Sorry I missed your comment about throwing in the towel. Maybe I need to do my riding a bike analogy... you hold the back of the bike till they learn to balance. Then you run behind them to push them back up when they start to lean. Then you let them ride alone and pick them up when they fall and put them back on. Then they fall and pick themselves up. Then they sail away and you burst with pride at how well they ride. You never throw in the towel. You stop picking them up and let them get up by themselves. If you forever pick them up they never figure out how to pick themselves up. They just keep calling every time they fall.
     
  10. overcome mom

    overcome mom Member

    I have spoken to him on occasion about SSI and he thinks that it is only for people trying to suck off the government and that he can work and don't I have faith in him? The other practical problem is he is homeless at this point, has no address and has lived in 3 different states in the last year. Also no way to get to and from someplace on any consistent basis. I would like him to do this and if he ever can get in any place rehab or shelter I will suggest it.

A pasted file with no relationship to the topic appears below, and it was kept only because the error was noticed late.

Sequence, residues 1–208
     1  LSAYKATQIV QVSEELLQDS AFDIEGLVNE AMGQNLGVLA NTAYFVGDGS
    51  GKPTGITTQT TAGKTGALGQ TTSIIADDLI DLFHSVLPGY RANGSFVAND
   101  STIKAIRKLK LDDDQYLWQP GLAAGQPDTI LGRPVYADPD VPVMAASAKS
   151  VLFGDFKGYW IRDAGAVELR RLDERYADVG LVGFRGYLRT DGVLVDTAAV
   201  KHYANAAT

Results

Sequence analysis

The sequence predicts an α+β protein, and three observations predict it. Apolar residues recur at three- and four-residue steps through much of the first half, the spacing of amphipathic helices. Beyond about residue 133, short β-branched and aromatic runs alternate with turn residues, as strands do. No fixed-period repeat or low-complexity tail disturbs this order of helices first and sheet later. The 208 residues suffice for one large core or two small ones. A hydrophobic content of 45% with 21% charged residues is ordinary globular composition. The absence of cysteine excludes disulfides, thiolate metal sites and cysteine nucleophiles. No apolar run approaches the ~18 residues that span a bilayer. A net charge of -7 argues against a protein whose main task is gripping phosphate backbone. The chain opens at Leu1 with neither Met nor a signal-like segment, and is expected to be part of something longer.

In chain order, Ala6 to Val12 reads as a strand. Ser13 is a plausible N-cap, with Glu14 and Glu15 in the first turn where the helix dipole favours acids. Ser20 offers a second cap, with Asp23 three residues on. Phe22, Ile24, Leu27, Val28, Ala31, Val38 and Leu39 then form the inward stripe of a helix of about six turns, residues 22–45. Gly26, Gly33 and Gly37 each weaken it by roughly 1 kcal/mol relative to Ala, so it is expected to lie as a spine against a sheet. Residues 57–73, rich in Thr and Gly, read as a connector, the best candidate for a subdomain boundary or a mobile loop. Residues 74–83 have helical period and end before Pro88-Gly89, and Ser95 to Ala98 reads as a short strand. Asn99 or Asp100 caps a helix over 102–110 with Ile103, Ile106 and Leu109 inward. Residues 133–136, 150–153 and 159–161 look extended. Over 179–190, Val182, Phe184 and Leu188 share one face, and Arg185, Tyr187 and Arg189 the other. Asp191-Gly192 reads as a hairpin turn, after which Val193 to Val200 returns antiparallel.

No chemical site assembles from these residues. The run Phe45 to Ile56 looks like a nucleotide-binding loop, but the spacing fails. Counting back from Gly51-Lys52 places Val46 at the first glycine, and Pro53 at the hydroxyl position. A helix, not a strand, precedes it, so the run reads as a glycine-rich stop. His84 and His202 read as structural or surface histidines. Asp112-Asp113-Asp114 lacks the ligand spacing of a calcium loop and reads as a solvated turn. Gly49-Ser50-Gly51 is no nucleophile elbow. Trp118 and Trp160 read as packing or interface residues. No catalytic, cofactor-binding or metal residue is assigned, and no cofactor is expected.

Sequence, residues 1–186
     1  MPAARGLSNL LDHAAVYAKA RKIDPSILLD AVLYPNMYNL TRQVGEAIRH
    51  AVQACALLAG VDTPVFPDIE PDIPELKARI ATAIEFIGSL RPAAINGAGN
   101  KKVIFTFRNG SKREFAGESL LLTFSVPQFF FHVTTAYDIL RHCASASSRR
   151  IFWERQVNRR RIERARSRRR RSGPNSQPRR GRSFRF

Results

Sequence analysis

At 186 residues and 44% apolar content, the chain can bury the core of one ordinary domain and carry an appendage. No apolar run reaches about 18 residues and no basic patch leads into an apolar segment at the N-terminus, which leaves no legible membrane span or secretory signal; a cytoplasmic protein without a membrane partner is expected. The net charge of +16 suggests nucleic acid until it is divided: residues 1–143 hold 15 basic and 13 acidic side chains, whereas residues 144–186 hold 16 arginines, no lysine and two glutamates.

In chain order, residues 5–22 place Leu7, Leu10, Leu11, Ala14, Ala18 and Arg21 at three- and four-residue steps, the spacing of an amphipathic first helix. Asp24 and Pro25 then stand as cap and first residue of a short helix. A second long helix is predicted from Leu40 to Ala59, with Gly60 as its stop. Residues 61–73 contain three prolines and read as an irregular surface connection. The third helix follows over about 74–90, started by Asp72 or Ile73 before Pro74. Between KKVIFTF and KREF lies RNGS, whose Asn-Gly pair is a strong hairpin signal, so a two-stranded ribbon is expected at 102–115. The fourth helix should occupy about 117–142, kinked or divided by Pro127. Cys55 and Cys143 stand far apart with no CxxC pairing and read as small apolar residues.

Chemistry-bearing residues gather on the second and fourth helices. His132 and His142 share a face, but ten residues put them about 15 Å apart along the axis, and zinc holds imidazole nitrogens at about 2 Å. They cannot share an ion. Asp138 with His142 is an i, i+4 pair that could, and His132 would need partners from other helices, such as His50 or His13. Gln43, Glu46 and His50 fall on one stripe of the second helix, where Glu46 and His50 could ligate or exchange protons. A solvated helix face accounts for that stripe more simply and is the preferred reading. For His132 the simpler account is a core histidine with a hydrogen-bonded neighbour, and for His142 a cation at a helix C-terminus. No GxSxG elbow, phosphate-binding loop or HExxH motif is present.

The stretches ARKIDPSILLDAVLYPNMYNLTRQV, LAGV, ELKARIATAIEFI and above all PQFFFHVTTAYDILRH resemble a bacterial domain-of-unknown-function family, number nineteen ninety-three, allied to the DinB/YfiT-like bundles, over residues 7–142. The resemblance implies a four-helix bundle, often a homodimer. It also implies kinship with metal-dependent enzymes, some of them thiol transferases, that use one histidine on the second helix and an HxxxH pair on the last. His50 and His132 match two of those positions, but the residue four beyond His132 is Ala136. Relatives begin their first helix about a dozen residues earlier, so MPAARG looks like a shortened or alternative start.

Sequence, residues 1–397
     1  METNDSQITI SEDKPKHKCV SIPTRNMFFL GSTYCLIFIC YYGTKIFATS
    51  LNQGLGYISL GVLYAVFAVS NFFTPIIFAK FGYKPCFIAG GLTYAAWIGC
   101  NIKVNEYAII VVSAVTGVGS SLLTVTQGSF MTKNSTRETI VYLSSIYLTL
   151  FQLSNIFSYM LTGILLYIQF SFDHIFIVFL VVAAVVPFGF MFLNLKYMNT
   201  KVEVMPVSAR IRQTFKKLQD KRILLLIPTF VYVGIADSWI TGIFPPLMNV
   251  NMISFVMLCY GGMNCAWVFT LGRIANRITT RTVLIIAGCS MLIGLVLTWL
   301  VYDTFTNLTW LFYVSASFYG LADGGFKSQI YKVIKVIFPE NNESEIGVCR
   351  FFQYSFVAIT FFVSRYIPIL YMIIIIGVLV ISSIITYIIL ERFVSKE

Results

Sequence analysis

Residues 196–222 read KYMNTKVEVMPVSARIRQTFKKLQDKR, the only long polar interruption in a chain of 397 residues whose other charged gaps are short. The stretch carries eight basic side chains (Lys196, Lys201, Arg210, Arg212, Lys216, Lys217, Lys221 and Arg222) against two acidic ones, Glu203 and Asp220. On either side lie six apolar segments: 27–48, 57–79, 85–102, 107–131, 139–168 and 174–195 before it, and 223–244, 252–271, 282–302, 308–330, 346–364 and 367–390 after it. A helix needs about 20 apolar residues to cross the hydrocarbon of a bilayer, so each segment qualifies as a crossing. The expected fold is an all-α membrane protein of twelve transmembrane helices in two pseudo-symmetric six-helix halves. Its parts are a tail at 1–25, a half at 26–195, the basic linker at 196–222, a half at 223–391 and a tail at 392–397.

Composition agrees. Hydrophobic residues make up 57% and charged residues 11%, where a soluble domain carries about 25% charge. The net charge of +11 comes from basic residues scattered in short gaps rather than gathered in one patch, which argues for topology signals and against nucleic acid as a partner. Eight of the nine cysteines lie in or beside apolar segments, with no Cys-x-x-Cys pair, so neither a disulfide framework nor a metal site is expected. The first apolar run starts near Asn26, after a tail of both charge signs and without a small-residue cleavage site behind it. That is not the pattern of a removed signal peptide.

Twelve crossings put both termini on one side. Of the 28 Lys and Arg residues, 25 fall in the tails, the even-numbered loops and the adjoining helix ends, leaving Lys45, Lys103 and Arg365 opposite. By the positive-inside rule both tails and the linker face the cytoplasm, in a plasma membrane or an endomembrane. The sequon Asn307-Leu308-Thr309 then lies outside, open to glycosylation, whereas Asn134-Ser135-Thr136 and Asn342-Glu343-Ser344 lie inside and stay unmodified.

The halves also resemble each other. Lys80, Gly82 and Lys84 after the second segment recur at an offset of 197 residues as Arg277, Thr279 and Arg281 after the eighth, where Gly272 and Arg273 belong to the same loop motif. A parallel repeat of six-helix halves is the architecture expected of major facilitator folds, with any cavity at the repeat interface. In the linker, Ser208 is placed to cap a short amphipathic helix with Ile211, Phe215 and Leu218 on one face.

He has never been diagnosed with Fetal Alcohol Syndrome (FAS) . (He has been in 3 different residential settings and seen more that 6 psychiatrists has been diagnosed with bi polar and ADD.)I think that they did not say anything about drug abuse because either he did not give them permission to tell me or he lied to them. I have tried to get him help around where we live but state is broke and not much help. We live in a small rural area.
    Thanks some much for the ideas and support.
     
  11. SomewhereOutThere

    SomewhereOutThere Well-Known Member

    It is not a psychiatry diagnosis. A neuroligist/ neuropsychologist would know the symptoms. It is often mistaken for ADHD, learning disabilities and worse Conduct Disorder. But if they are alcohol affected badly enough they dont learn right from wrong, have poor performance at work, cant follow social rules, and tend to need help to get on track.
     
    Last edited: Dec 4, 2018
  12. elizabrary

    elizabrary Member